by Susan Couso
Daniel Rice Stark had been born in Indiana on the third of July in 1830 and grew up in a large family. He had married his sweetheart, Rebecca, in 1856 in Michigan.
The Stark family moved around, trying to find a good life, and spent the majority of their married life in Missouri.
Daniel and Rebecca had at least seven children; sons Simeon, Samuel, David, Charles, Alfred, William and a daughter, Elizabeth (Eliza).
Daniel became one of the many thousands of young men who were caught up in the Civil War. He had joined the Illinois Volunteers, Company ‘C’ of the 144th Infantry which mustered in September of 1864 at Alton, Illinois.
The 144th Infantry never saw battle and served at garrisons in the area near St. Louis, Missouri and at a prisoner of war camp at Alton, Illinois.
These soldiers, who never served on the battlefield and probably yearned to go into battle, suffered greatly. Sixty-nine of them died of disease in the close unsanitary conditions of their assignments. War is never easy.
By July of 1865 the war was over, and the 144th Infantry was ‘mustered out’. Daniel went home to Missouri to his wife, Rebecca, and their children.
By the time Daniel finally made his way to Honey Lake Valley, Rebecca was dead. He was a tired and lonely old man who came west to be near his children.
In Honey Lake Valley, the old widower lived with his son David and his daughter-in-law, Maggie, and their family. Eliza lived with them also, until her marriage.
It was a comfortable life, and he was well cared for by his son, but 1900 was a special year. In August in Susanville, Daniel’s only daughter, Eliza, had married Charles Hennings. The new Hennings family settled in Secret Valley.
In 1900, Daniel Rice Stark was looking forward to the holiday season. With his daughter married and a new baby daughter in his son’s family, it was an exciting time. His gift for himself this year was to visit his newlywed daughter, Eliza, and her husband, Charles Hennings, in Secret Valley.
So, Daniel planned to spend Christmas with his daughter. He decided to walk to her home, and he had it all worked out. He would leave his son’s house and head as straight as possible through the desert, to Secret Valley. It was only thirty miles away.
His family, his friends, and everyone he told of his plans, tried to dissuade him from the perilous trip. It was too far for a man of his age, it was December, and it was cold. But Daniel would not listen. He packed his Yuletide gifts for his daughter, and on December 23rd, left Susanville to fulfill his dream of a wonderful Christmas.
On Monday, the 24th of December, the tired old soldier had made his way about 15 miles from Susanville. Charles Hart was on his way to Secret Valley, driving a wagon, and saw him on the road. Hart went on to his destination and notified Charles Henning that his father-in-law was on the way.
Stark’s worried son-in-law hurriedly hitched up his wagon and went to find his new father-in-law, but to no avail. There was no sight of Stark. Hennings went home and wrote a letter to David Stark, letting him know of the situation. That letter didn’t reach David Stark until Thursday evening, December 27th.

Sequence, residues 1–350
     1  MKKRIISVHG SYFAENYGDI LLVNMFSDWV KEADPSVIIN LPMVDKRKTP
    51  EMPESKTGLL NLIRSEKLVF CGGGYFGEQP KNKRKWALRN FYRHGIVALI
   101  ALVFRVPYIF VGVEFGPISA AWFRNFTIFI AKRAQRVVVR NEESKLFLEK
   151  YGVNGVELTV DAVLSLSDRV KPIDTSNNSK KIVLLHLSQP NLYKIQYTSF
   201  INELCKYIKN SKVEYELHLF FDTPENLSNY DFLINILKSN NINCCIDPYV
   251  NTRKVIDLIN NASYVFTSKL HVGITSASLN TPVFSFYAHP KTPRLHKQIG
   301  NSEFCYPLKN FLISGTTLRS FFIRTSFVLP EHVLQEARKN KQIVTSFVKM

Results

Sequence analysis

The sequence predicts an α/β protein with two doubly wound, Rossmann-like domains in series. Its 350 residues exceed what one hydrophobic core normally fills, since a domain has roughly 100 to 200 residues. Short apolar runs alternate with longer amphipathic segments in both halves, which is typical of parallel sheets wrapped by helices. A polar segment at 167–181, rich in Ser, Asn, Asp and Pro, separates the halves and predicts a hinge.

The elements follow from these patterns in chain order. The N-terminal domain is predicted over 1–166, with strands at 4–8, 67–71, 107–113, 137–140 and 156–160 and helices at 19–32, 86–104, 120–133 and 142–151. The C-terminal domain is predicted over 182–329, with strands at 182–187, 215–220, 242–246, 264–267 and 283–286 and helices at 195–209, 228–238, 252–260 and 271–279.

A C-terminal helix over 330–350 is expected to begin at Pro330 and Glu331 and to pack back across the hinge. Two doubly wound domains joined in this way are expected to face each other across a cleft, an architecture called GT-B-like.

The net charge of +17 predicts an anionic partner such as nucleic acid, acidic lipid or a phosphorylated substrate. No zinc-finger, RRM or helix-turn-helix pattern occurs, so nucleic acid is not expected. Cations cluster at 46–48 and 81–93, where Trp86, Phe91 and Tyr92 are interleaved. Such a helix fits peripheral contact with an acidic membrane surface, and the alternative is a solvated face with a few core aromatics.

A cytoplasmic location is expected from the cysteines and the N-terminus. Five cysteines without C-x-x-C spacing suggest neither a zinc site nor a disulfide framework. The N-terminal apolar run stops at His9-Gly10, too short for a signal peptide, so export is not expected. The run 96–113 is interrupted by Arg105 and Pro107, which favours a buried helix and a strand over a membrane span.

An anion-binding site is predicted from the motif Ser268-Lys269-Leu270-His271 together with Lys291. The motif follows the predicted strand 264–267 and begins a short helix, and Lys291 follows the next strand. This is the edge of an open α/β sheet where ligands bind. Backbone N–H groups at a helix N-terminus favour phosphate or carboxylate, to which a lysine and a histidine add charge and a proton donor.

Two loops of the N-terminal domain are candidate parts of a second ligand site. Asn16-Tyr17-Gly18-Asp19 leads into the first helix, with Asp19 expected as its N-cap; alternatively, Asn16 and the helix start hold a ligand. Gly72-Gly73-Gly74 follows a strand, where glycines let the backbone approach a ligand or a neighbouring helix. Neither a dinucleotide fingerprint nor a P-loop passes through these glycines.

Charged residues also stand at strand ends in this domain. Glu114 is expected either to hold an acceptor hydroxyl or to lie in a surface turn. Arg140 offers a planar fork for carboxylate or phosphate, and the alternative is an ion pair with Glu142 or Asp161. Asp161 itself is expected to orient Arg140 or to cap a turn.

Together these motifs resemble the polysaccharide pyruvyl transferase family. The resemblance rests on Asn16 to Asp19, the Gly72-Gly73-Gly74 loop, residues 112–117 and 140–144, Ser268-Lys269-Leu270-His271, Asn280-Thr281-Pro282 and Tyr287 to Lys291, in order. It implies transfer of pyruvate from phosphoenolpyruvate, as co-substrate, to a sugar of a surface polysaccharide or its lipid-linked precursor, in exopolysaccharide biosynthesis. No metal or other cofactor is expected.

The next day David Stark sent a man with a buggy out to look for his father, but the elder Stark was nowhere to be found. Daniel Stark had simply disappeared.
Meanwhile, Charles Hennings arrived in Susanville and he and David Stark summoned a search party.
On Sunday morning, the search party reached the area and found some of Daniel Stark’s old papers from when he lived in Oklahoma and some carefully wrapped Christmas presents that Stark had carried for his daughter. The presents were blood-stained and torn, signs that though injured, the old man had carried them as far as possible. Unfortunately, the search party found no sign of Daniel Stark himself.
There were several sites where he had started small brush fires and footprints where he had paced around the fires and wandered, possibly trying to keep warm in the bitter cold.
He had apparently stumbled helplessly for quite some time, tripping over rocks and tearing his limbs on barbed wire. Signs were everywhere, but there was no Daniel.
One of the warming fires was seen Thursday morning by Albert Brown who had a ranch nearby along Pete’s Valley Road.
With no sign of the old man, the disheartened search party returned to Susanville. It had been over a week now since Daniel left home, and things were serious.
On Tuesday, January 1st, another party from Susanville, including Frank Cady, Augustus Hunsinger, George Long and James H. Riley tried again. They began their search near the fire that had been seen by Albert Brown.
It wasn’t long before they found what they were looking for. Daniel Stark’s body, face down in a pile of rocks, was there. It appeared that he had fallen and made no effort to arrest his fall. A sharp rock had pierced his temple.
Daniel’s last effort was to see his daughter. He was buried in the Susanville Cemetery.
If you are a fan of our weekly history stories you should join the Lassen County Historical Society! It’s a fun way to be a part of our county’s rich history. When you sign up, you’ll receive regular Historical Society newsletters with interesting stories and information. Membership is open to anyone with an interest in area history.
Through your membership you help preserve local history. You can download a membership application by clicking here.